A record warm Arctic winter has spawned a tourism boom in a tiny Canadian town.
Sightseers and selfie-snappers are flocking to Ferryland, Newfoundland, to watch enormous icebergs drift off the Southern Shore.
The town of 500 residents has seen bumper-to-bumper traffic in recent days. Its two lone restaurants would theoretically be packed — that is, if they opened before late May, when the tourism season normally begins, CBC reported.
— CBC NL (@CBCNL) April 18, 2017
Nearly 650 icebergs have drifted into the North Atlantic as of this week, according to the U.S. Coast Guard's International Ice Patrol. That's about triple the number of icebergs this region sees during this period.
The unusually large swarm is blocking shipping lanes, forcing vessels to slow down or take long detours. Coast Guard commander Gabrielle McGrath, who leads the ice patrol, told the Associated Press she has never seen such a drastic increase in such a short time.
Most of the icebergs bobbing in the North Atlantic broke off the Greenland ice sheet.
Experts have attributed the influx of ice to a combination of uncommonly strong counter-clockwise winds, which are drawing icebergs south, and, to some extent, global warming, which is melting land and sea ice across the Arctic.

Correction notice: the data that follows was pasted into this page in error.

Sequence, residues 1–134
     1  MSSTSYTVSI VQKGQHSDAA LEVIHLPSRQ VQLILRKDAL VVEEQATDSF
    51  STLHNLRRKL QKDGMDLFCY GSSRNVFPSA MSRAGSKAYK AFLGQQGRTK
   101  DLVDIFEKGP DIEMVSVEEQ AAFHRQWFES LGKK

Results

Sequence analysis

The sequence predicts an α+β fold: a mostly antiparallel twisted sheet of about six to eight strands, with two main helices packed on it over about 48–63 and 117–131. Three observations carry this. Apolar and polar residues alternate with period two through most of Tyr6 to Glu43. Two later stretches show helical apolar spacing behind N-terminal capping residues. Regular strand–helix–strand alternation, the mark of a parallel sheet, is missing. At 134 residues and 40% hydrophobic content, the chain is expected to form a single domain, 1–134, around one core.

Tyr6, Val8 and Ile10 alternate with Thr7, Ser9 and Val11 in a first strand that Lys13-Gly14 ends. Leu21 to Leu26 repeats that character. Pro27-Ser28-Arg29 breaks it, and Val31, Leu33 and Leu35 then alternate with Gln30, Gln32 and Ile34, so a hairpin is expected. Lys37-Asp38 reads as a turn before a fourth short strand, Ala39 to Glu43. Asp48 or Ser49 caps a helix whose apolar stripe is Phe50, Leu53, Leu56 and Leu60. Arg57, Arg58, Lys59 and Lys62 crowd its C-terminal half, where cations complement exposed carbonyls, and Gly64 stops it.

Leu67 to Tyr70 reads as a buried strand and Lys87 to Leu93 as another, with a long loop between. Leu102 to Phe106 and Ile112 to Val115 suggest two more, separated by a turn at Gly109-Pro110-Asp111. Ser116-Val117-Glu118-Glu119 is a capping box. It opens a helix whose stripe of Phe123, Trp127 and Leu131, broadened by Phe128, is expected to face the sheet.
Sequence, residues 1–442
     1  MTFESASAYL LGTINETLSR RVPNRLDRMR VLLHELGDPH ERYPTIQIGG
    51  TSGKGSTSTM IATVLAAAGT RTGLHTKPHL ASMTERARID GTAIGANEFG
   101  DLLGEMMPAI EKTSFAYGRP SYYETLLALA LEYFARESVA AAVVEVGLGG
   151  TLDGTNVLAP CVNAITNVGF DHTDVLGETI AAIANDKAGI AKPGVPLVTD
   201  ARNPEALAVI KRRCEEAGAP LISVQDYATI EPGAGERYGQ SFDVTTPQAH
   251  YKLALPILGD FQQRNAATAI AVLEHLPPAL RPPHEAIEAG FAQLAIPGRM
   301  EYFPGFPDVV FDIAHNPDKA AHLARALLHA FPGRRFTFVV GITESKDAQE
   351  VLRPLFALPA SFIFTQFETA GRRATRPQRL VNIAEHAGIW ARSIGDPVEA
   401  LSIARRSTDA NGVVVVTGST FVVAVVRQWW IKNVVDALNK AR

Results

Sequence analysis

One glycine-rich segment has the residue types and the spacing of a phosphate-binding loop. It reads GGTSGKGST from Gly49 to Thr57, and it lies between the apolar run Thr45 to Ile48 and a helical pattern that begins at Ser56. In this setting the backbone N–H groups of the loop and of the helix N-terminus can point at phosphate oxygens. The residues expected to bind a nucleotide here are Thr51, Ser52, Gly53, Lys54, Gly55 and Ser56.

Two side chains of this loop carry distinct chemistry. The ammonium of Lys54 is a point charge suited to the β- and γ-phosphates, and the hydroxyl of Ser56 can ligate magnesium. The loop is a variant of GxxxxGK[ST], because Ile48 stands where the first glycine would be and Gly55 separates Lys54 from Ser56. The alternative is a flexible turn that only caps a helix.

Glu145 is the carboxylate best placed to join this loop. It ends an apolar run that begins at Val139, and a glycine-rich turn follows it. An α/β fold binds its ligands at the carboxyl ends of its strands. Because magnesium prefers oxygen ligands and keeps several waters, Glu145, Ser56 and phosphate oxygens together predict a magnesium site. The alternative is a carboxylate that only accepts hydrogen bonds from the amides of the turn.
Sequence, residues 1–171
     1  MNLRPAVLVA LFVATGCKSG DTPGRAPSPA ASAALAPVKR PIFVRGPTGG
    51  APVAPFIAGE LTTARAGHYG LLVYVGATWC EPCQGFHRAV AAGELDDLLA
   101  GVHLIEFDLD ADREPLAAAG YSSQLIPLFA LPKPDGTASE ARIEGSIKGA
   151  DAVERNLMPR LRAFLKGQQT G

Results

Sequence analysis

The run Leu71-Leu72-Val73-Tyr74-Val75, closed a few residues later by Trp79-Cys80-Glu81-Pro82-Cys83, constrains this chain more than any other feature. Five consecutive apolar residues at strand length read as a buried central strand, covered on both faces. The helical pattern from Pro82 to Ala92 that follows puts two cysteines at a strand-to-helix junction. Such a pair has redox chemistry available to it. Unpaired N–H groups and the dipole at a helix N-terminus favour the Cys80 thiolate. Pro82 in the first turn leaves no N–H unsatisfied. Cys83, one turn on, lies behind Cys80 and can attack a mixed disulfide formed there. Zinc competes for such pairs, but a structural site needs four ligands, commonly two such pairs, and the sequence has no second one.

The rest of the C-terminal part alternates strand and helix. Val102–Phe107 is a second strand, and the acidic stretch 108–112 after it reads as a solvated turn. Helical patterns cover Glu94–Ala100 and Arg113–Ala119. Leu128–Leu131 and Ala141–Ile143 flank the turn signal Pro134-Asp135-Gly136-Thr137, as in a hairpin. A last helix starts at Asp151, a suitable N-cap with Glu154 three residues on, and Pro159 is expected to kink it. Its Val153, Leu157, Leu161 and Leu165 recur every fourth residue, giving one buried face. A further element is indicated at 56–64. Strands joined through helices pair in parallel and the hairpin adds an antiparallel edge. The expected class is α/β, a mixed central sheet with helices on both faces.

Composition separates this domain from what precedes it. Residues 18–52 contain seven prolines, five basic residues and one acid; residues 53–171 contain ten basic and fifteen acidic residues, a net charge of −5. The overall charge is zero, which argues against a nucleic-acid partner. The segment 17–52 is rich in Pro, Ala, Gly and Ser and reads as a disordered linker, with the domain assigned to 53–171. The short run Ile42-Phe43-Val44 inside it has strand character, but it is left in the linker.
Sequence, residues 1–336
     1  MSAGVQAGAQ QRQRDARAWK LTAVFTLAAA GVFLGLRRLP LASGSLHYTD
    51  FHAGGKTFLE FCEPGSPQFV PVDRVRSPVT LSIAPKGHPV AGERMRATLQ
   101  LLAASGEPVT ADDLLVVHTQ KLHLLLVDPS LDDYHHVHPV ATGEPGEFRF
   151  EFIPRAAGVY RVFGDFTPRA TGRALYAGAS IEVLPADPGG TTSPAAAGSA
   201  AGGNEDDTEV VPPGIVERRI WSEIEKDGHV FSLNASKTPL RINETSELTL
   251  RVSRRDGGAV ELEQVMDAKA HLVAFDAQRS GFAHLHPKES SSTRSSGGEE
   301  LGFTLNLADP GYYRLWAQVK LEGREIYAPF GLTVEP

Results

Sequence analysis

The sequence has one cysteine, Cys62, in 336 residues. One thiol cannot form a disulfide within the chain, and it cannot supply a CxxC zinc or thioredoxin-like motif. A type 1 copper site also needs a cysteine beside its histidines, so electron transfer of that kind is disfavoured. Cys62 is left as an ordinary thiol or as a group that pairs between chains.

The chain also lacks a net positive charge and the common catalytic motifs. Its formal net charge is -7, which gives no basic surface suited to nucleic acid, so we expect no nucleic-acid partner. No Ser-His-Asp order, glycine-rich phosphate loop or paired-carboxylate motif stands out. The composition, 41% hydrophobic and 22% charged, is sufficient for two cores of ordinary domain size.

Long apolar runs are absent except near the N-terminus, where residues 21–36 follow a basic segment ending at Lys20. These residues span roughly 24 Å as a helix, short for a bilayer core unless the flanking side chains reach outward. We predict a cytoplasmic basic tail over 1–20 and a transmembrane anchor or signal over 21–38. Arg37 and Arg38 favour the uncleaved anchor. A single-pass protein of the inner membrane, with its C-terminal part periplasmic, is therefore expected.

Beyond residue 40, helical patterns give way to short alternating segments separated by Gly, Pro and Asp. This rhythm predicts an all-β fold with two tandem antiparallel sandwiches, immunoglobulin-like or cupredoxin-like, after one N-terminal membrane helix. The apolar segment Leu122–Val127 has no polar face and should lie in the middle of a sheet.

— Ray Mackey Photo (@RayMackeyNL) April 13, 2017
— Jared Clarke (@birdtherock) April 15, 2017
The Arctic has experienced a strange winter. March 2017 became the sixth month in a row to set a record for the lowest sea ice extent, the National Snow and Ice Data Center reported.
And, for the third year in a row, Arctic sea ice peaked at a record low level during the winter season.
Image: national oceanic and atmospheric administration
In Ferryland, the relatively warm winter and shifting winds have resulted in some pretty spectacular sights.
An enormous iceberg is now towering over the small town. The Canadian Ice Service has classified it as "large," meaning it spans between 401 and 670 feet long and rises between 151 and 240 feet high.
The giant ice block drew the most attention over Easter weekend. Tourists and news crews came out with cameras, drones, and even helicopters to catch a glimpse of the majestic frozen 'berg.